Monday, April 26, 2010
Get Smart -- ambition and ability, control and chaos
Director: Peter Seagal, 2008. (PG-13)
The 1960s brought James Bond to the silver screen, as a suave and sexy secret agent. Picking up on the success of that franchise, NBC created the thrilling spy series, "The Man from U.N.C.L.E." A couple of years later the same TV company aired a spoof of these action adventure heroes: "Get Smart" starring Don Adams as Maxwell Smart. Seagal has translated this TV series to a full-length feature, updating it to the current era of cell phones and portable nuclear bombs while retaining some of the devices from the original, such as the shoe phone. In doing so, he has created a smart and funny film that has lots of slapstick comedy and just a little crude humor.
True to the original, Maxwell Smart (Steve Carrell, Dan in Real Life) is an analyst for CONTROL, a secret Government spy agency thought shut down. But what better place to hide a secret department than in a museum that highlights the "former" agency itself. He is terrific in his job, producing the best analysis of any HQ worker. But he pines for the life of a field operative, with danger and death as ever-present sidekicks. The Chief (Alan Arkin, Little Miss Sunshine), though, won't hear of it. Smart is too smart, and too good at his job to be released into the field. Even when Smart scores high enough on the field operative test to be considered for a numbered agent's job, he is not promoted to that role. He is denied his ambition.
Maxwell Smart exemplifies the struggle of ambition and ability. He is a klutz and really unsuited for field work, despite his test score. His ambition is to be in the field, but his ability puts him behind a desk. How many of us desire to be doing something else, something that we are in reality unfit for? There is an allure for more glamorous work. It may be the call of the professional athlete for the person who played college ball but never got drafted. Perhaps it is the desire to be a VP or CEO while a middle-manager. It could be the dizzying appeal of acting on the other side of the camera when you are a grip or cameraman. Whatever it is, if you are good at your job perhaps that is where you are meant to be. God has given each of us talents and abilities (1 Cor. 12:11). And although we can grow and develop our skills, moving into areas that are not our strengths, and may be our weaknesses, is often a recipe for disaster . . . as is almost the case for Maxwell Smart.
When the headquarters of CONTROL is destroyed by KAOS, their arch-enemy organization, and most of the field operatives are compromised or killed, few agents are left to combat KAOS' deadly plan. The Chief has to promote Smart to become Field Agent 86, partnered with Agent 99 (Anne Hathaway, Rachel Getting Married). She has the practical experience and wisdom, he has the head-knowledge and impractical ineptness. Although he got an A- on the field operative's test, better than her score, she points out that in the field you are either dead or not dead. There is no grading on the curve or other ways of scoring.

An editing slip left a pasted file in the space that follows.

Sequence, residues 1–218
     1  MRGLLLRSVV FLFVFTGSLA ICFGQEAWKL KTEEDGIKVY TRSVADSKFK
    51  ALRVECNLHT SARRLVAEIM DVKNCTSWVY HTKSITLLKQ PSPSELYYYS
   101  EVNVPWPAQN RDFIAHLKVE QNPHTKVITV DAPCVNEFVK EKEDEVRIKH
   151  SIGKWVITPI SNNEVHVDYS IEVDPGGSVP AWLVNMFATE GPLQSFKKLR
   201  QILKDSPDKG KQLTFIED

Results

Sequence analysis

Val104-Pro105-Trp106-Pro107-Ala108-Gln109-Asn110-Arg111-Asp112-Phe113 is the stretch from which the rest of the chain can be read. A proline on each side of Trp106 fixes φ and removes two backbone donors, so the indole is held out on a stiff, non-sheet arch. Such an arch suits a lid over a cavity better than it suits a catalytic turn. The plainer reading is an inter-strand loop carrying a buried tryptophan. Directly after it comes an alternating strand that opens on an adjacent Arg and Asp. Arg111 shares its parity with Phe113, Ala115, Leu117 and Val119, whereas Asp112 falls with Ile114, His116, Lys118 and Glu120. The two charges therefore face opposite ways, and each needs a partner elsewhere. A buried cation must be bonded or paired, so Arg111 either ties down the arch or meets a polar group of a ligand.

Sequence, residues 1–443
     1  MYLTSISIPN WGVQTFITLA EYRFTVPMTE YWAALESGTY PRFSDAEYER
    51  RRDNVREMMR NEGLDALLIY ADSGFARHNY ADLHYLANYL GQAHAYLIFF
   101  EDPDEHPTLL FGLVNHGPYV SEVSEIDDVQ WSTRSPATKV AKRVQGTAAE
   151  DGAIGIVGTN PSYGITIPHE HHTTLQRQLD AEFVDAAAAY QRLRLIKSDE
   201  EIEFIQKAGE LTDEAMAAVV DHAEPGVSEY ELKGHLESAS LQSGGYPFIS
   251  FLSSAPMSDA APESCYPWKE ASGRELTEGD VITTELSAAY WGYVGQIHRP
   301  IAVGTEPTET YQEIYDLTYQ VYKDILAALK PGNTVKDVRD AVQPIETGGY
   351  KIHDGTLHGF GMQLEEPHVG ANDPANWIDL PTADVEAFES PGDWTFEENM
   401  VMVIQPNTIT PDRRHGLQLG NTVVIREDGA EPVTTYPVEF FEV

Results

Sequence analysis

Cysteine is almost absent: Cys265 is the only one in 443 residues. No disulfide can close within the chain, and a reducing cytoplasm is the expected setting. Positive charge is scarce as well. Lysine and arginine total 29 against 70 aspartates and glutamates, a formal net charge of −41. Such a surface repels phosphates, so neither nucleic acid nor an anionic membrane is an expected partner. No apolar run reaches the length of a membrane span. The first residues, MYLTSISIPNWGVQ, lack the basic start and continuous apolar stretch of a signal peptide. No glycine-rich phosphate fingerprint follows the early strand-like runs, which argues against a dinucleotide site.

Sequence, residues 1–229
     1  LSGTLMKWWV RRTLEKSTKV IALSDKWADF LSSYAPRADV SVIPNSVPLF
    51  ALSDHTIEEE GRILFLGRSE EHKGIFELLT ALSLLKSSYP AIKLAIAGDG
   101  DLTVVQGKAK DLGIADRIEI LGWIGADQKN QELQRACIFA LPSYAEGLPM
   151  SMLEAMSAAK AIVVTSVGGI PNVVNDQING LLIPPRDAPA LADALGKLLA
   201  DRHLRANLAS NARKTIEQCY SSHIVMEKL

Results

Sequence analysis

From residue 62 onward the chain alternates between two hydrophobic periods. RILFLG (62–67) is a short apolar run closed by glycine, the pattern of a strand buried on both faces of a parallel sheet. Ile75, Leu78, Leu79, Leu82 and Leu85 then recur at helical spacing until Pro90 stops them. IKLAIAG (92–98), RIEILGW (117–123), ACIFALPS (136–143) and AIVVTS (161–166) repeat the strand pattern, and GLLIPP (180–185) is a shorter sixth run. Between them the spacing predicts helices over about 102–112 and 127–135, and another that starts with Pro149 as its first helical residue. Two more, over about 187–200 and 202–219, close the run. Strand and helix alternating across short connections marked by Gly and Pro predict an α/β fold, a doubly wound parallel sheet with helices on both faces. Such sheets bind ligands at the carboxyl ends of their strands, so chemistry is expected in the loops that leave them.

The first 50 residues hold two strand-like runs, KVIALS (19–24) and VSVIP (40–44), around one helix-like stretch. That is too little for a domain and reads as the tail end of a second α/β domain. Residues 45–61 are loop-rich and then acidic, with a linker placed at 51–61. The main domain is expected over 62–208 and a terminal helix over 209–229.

CONTROL vs KAOS reminds us of the innate desire of humanity for control as opposed to living in a state of disorder and indeterminism. We want to be independent, in charge of our own destiny. We bristle when others are in control, able to order us around. Yet how much control do we really have? Even when we think we are calling the shots, God is still sovereign, the ruler sitting on his throne in heaven (Dan. 5:21, Psa. 110). We are mere mortals, fooling ourselves.
One of the pleasures of Get Smart is the comedic acting of Carrell. A fine straight man, here he is straighter than an arrow and the butt of many of the jokes, a sympathetic spy. He has excellent chemistry with Hathaway. And even Dwayne "The Rock" Johnson pitches an acceptable performance as Agent 23, a field operative relegated to analysis.
The storyline itself is solid enough and plays out fast enough for the audience to miss the holes. And like any good spy adventure, the action moves from continent to continent until it arrives at the climax where the US President (James Caan) is in unknown danger. What makes this fun is the use of low-end spy toys, like the exploding dental floss and the multifunction pocket-knife with concealed flame thrower and crossbow.
The tagline describes the movie's theme and Smart's role: "saving the world . . . with difficulty." His desire to work in the field was to save the world. In real-life, that is Jesus' role. He has saved the world with difficulty. That difficulty was his death on the cross (Phil. 2:8). God chose to come down and be a field operative, working and walking in the world he had made (Phil. 2:7). Perfect at creation and under control, sin had entered the garden (Gen. 3) and chaos and disorder ensued. The only way to save it and ensure a future restoration was to absorb the punishment for sin in his own body and die for us (Rom. 5:8). Unlike Smart, Jesus' ambition did not exceed his ability!
Copyright ©2010, Martin Baggs